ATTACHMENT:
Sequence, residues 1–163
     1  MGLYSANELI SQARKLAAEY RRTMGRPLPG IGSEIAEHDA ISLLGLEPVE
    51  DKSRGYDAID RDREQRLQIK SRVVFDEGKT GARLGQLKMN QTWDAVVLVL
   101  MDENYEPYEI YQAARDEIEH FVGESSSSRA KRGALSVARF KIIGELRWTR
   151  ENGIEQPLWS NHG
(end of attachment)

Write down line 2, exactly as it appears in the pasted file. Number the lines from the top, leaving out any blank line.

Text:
     1  MGLYSANELI SQARKLAAEY RRTMGRPLPG IGSEIAEHDA ISLLGLEPVE